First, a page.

Treatments for Laminitis-Undiagnosed Cause
 
 

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Treatments for Laminitis-Undiagnosed Cause

This is a discussion on Treatments for Laminitis-Undiagnosed Cause within the Hoof Care forums, part of the Horse Health category
  • Undiagnosed laminitis
  • Rice hullssuitable bedden for laminitis

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    11-08-2012, 02:09 PM
  #1
Foal
Treatments for Laminitis-Undiagnosed Cause

I just posted a thread about how my new gelding has laminitis, currently he is having an acute flare-up. This is what the vet told me to do for the next week:

1. Feed only hay, no grain
2. Stall rest in heavily bedded stall
3. Bute 2x daily

Are there other things I should be doing?
     
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    11-08-2012, 02:13 PM
  #2
Trained
That was quick
Pics, please!
     
    11-08-2012, 02:19 PM
  #3
Started
Pics ?
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    11-08-2012, 02:32 PM
  #4
Foal
I will take pics tonight and post. Thanks!
deserthorsewoman likes this.
     
    11-08-2012, 05:53 PM
  #5
Yearling
CALL a vet and a farrier. You need xrays to see how bad, and a farrier to try to prevent any more damage and stablize the hooves.
     
    11-08-2012, 10:36 PM
  #6
Foal
Another poster asked in the other thread about type of hay he is being fed. Have read that alfalfa should be soaked to remove excess sugars. Another good bedding material for laminitic horses is rice hulls. Can get that from the feed store. Sorry you and your new horse is going through this. Hope he gets better quickly.
     
    11-09-2012, 07:54 AM
  #7
Started
Katy Watts | Articles about Laminitis and sugar in grass

Good articles.
loosie likes this.
     
    11-09-2012, 09:37 AM
  #8
Trained
Quote:
Originally Posted by ChemE    
Another poster asked in the other thread about type of hay he is being fed. Have read that alfalfa should be soaked to remove excess sugars. Another good bedding material for laminitic horses is rice hulls. Can get that from the feed store. Sorry you and your new horse is going through this. Hope he gets better quickly.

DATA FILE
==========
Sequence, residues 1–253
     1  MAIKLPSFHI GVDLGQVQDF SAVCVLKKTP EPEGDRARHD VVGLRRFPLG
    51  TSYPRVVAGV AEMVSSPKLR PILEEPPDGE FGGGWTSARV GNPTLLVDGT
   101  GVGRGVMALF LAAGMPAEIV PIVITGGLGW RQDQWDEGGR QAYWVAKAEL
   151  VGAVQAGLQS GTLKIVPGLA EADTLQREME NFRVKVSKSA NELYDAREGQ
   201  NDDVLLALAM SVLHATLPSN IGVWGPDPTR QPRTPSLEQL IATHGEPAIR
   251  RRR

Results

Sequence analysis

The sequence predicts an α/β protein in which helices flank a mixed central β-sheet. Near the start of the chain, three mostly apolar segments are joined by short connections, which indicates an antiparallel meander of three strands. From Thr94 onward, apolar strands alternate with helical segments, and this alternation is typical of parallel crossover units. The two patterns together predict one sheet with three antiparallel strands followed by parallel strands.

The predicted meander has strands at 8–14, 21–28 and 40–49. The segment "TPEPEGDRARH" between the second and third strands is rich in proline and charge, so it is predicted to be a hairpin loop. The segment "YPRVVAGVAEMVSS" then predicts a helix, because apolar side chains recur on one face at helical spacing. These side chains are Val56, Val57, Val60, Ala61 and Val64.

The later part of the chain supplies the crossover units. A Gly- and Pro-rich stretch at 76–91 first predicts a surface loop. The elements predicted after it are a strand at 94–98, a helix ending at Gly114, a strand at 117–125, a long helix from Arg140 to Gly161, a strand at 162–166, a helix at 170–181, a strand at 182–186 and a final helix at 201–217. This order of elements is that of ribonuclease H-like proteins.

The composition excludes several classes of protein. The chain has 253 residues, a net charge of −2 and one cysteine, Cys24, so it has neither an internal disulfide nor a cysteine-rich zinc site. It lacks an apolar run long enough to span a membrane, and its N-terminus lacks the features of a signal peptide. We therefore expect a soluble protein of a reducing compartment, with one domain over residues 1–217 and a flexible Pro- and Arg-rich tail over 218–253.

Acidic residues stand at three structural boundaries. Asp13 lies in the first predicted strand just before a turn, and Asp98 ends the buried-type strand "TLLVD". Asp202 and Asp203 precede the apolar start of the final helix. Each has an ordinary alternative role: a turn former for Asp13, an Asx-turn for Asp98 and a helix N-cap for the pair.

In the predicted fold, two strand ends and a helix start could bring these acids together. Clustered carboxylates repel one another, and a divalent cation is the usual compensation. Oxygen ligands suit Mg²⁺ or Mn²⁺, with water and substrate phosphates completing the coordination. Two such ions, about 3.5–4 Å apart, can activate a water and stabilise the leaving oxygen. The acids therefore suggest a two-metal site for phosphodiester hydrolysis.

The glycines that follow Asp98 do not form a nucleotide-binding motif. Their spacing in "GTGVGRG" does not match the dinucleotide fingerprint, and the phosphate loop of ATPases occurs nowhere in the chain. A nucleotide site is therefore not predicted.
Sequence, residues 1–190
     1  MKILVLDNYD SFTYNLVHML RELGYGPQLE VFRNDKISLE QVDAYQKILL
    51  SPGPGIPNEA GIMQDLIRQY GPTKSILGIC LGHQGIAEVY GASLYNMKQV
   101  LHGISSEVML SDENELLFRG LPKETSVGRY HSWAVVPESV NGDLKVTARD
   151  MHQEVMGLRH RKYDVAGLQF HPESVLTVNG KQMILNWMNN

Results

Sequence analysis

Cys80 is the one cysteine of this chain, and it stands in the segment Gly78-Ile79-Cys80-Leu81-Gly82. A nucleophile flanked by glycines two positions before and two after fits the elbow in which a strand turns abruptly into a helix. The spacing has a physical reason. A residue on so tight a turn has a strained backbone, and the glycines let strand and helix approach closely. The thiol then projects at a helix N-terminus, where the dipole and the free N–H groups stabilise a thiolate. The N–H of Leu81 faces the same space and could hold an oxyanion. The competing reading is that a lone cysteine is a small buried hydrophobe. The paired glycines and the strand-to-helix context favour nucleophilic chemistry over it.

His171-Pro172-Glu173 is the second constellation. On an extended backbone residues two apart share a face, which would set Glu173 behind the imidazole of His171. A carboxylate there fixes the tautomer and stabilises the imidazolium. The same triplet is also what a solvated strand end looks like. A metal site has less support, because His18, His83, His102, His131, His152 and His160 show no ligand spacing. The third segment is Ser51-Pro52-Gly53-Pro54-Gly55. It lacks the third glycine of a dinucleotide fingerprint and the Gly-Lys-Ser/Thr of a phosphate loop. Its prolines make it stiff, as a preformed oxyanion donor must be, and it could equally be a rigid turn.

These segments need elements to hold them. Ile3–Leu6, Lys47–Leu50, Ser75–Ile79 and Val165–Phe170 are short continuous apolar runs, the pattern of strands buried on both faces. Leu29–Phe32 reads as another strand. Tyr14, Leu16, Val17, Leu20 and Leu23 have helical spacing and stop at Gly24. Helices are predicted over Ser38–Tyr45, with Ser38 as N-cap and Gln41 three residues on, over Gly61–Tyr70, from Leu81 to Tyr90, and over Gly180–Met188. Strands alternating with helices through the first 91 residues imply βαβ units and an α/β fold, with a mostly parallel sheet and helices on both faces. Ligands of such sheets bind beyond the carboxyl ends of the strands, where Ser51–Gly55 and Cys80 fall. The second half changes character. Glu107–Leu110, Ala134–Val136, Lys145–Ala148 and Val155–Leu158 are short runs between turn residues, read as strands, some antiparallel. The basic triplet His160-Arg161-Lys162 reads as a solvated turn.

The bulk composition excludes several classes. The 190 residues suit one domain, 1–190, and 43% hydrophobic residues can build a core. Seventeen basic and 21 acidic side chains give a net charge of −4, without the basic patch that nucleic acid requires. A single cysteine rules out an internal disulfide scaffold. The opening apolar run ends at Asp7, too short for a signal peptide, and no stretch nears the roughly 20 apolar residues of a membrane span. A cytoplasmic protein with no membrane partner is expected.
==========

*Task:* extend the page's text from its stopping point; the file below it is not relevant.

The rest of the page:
Actually, alfalfa is the lowest sugar hay there is, so as of sugar content it's the safest. But when the horse is overweight its problematic, because of its higher energy content.
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    11-09-2012, 10:03 AM
  #9
Started
Treatment of Laminitis

Sums it up quickly and links to the emergency diet
loosie likes this.
     
    11-29-2012, 02:36 PM
  #10
Foal
New information

I wanted to give an update and get your opinions on my QH gelding Spirit. The vet came back out last week and he is doing better but not much better. Still very very reluctant to walk on hard surfaces and looks much better on soft ground. She thoroughly looked at his hooves and decided that he has very thin and flat soles and an infection in his soles that's starting to invade the white line. Okay. She took xrays. Now she's not certain what his diagnosis is. 1-2 degrees rotation on RF and none on LF. I am in the process of getting another opinion. It has been extremely difficult to find a good vet and farrier, I still haven't. One thing I've learned is that everyone has an opinion in the horse world and its almost impossible to know who's is right! My next step is to get another vet out and hopefully find an expert farrier in laminitis and thin soled horses. Bad news is he is not getting any better and we're still buting him and not giving him any grain. :( I attached xrays of his front hooves for reference. I also have pictures on my camera I need to upload later. Thanks so much for your help!
Attached Images
File Type: jpg spirit0006.jpg (30.1 KB, 46 views)
File Type: jpg spirit0011.jpg (27.4 KB, 46 views)
     

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